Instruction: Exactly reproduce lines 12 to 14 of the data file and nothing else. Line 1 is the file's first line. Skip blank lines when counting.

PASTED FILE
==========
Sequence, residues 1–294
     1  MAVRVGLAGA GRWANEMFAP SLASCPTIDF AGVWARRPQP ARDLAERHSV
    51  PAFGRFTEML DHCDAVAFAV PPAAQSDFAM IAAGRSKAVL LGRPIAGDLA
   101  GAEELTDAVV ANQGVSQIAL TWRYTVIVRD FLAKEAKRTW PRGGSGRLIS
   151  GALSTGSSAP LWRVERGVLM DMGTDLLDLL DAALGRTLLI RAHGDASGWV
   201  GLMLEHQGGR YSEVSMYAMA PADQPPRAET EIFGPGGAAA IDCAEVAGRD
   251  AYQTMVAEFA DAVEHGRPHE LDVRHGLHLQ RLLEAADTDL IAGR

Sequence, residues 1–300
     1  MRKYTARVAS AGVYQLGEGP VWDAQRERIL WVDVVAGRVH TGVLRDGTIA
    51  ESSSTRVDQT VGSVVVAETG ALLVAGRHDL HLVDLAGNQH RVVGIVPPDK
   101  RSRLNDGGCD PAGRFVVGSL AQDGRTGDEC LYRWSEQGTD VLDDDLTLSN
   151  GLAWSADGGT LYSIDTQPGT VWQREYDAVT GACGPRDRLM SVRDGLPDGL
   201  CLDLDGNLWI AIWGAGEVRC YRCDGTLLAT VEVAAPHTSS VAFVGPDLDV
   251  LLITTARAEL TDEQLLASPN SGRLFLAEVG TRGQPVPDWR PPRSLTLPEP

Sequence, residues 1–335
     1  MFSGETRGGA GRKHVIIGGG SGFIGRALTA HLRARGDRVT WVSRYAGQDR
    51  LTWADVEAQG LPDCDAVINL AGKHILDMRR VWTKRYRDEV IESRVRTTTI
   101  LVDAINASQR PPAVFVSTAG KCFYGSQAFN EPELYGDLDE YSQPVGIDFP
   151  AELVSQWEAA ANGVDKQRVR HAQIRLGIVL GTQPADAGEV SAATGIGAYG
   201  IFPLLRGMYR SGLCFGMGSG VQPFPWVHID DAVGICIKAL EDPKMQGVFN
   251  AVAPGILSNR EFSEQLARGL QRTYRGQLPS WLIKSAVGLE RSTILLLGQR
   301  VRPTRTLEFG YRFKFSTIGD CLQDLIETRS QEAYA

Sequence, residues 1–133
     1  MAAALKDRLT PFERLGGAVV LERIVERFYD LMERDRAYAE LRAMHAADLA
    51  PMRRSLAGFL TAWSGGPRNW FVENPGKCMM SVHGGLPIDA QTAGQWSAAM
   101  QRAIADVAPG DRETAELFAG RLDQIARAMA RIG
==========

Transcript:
   151  GLAWSADGGT LYSIDTQPGT VWQREYDAVT GACGPRDRLM SVRDGLPDGL
   201  CLDLDGNLWI AIWGAGEVRC YRCDGTLLAT VEVAAPHTSS VAFVGPDLDV
   251  LLITTARAEL TDEQLLASPN SGRLFLAEVG TRGQPVPDWR PPRSLTLPEP